StrengthsFinder 2.0: Test Your Might?

During my travels I ended up staying in California at an aunt’s house for a few days.  Much to my surprise, one of my cousins, M, happened to be staying there as well.  During one of our conversations, she brought up a book called StrengthsFinder 2.0.

I had never heard of this book.  Truthfully, I never would have even bothered with it had it not been for M.  She’s a natural charmer, highly energetic and spoke about the book with such fervent passion that I was pretty much helpless.  As the cliché goes, I fell hook, line, and sinker.  Curiosity eventually got the better of me and I decided to check this book out.  M, if you read this, I gotta say, you’d make one hell of a saleswoman!

StrengthsFinder 2.0 was published back in 2007 and written by Tom Rath.  Essentially, the book says that society spends an unhealthy amount of time trying to fix our deficiencies instead of fine-tuning and exploiting our natural abilities or strengths.  It stresses that the “you can be good at anything if you work hard enough” mentality is highly flawed and that we should instead embrace a “you cannot be anything you want to be, but you can be a lot more of who you already are” attitude.  Rath does bring up quite a few good points throughout the short read, but most of the first part of the book is spent explaining the 40+ years research process and how the assessment works, with the second half describing the 34 common strengths that humanity shares and how to best utilize them.

After reading the book, I got my one-time use code (emailed to me because I bought a Kindle version) and took the test, which takes roughly 30 minutes to complete. It asks two different questions and you must decide which one applies best to you.  In some cases, both questions can apply, but you’ll still have to choose one answer. You can either strongly agree, agree or you can choose neutral if you don’t care either way.  Most of the questions are pretty straight forward and are along the lines of the following:

Oh, and you only have 20 seconds to answer a question before it moves on.  According to Rath, this is because people are far more likely to give an honest answer on impulse than they would if given time to analyze each question.

I must admit that I was fairly disappointed with the assessment process.  After taking my test, I was given my top 5 strengths, and truthfully, I wasn’t surprised.  I wasn’t expecting some great revelation, but I thought I’d learn something new about myself.  As it turns out, I already knew my strengths quite well.  The results, despite being advertised as “personalized specifically for you” felt very generalized.  I showed ETL my results and she made a very excellent point: they have an uncanny resemblance to daily horoscopes! It also felt like an elaborate sales pitch for a service they offer.  For only $550.00, you can undergo a “Strengths Discovery Session” where you consult with an expert and further explore themes 6 thru 34 to better understand the order of your themes and to gain further insight into your strengths…I think I’ll be keeping my $550.00, thanks!

My biggest complaint with the whole process is that this test only gives a person their top five strengths and tells them nothing about their shortcomings.  I personally feel that it’s important to understand both talents and deficiencies.  By understanding your weaknesses you can have a greater appreciation for your strengths.  The book’s “you can do no wrong if you only do what you can do right” attitude certainly merits some truth, but I feel the impact of discovering one’s talents falls a little flat when you download a 20-page “personalized report” that reads more like something out of a fortune cookie.  It does, at the very least provide some good ideas for how to apply one’s talents in the work environment.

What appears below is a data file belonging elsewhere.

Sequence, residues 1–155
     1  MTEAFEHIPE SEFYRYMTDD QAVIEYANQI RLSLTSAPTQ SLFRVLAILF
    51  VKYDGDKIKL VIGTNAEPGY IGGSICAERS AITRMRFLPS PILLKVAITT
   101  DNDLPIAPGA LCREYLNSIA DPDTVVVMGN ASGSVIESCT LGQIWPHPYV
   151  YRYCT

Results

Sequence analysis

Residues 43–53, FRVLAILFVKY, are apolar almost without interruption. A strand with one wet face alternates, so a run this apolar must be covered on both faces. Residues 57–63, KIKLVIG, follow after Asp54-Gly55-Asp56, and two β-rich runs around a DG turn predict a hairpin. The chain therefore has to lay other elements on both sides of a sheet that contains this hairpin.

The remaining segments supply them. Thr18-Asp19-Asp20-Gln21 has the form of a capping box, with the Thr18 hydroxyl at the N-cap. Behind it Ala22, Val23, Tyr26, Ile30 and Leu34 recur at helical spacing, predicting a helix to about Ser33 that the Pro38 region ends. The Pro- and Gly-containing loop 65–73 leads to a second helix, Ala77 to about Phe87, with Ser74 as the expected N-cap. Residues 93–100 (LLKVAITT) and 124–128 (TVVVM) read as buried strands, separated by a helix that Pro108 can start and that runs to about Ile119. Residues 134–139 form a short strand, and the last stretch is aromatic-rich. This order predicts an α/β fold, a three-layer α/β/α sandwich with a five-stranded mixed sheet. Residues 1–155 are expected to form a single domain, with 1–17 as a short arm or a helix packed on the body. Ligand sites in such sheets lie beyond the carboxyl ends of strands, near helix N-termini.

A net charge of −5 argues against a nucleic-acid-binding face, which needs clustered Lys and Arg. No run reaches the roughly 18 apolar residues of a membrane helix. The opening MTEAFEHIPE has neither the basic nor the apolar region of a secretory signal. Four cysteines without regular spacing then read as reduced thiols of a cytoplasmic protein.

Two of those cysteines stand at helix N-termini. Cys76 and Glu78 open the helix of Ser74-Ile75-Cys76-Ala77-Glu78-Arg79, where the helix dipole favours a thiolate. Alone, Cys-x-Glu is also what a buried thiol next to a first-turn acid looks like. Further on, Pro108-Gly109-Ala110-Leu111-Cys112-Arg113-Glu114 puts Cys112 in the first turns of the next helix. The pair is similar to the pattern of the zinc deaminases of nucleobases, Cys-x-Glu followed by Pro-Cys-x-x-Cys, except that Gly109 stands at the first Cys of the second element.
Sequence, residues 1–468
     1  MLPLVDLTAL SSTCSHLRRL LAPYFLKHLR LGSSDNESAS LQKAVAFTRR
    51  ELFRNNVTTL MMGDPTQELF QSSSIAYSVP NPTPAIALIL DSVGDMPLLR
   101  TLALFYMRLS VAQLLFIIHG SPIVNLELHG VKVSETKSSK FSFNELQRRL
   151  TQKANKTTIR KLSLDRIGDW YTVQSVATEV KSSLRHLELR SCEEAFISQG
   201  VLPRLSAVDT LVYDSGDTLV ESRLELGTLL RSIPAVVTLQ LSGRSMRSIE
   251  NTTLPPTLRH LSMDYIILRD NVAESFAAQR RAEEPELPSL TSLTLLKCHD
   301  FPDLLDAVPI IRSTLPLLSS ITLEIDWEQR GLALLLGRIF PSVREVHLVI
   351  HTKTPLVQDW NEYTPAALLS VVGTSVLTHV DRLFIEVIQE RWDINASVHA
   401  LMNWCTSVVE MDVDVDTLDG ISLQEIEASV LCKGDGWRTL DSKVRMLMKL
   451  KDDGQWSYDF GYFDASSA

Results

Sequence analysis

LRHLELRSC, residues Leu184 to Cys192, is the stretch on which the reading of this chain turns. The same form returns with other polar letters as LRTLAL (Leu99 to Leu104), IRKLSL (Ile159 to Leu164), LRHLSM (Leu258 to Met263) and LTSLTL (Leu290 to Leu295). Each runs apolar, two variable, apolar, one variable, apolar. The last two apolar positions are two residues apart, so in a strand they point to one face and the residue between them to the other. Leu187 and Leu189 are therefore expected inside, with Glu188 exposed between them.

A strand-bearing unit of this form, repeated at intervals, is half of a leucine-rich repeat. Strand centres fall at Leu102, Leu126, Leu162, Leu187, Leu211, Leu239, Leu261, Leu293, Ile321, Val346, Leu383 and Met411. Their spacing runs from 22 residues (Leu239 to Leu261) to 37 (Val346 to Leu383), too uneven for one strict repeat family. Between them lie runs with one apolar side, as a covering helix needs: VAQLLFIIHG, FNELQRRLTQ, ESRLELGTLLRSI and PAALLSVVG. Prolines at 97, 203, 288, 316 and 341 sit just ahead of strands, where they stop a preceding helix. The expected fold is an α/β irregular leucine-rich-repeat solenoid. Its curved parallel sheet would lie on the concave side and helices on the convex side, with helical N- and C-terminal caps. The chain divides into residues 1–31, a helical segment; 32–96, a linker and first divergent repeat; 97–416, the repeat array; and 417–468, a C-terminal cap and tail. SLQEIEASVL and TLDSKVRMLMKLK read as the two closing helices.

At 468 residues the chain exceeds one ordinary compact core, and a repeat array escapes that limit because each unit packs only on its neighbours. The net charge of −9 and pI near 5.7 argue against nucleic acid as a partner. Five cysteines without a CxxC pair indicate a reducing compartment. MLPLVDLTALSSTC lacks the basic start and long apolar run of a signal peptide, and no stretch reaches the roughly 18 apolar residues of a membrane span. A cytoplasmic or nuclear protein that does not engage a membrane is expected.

While my assessment might not have been all that great, I can’t say I completely disagree with this book.  If anything, I happen to agree with Rath in that the world does focus heavily on trying to make people excel at things they just can’t do.  No matter how many math books I read or how many equations I practice, I will never be a great mathematician, because I know I suck at math.  With practice, I can improve my math skills, but not to the level of excellence.  However, I have a natural ability to draw and to be creative.  If I stopped being lazy and started drawing again, there’s a high chance that I might be able to hone that skill to excellence, because it’s a natural ability.

StrengthFinder 2.0 might not be for everyone.  I find it hard to recommend on a personal level because I like to believe that, unless someone is just that unaware of their personality or has virtually no confidence, the average person should be able to determine his or her strengths without taking the test.  But I also understand that sometimes a person might need a reminder or might feel better having assurance of their natural talents.  It’s only $12 and Rath does make a lot of valid points.  The book itself actually has some useful information, but my impression is tarnished by what I felt was a lousy testing process.  I’m not bold enough to say that this test is useless; some people might actually benefit from it.  I will, however, invite you to form your own impression.  Maybe you’ll be amongst the millions it helped, or you’ll be the 1 in a million who was fine without it.

Hardcover: 183 pages
Publisher: Gallup Press; 1 edition (February 1, 2007)

Kindle version available

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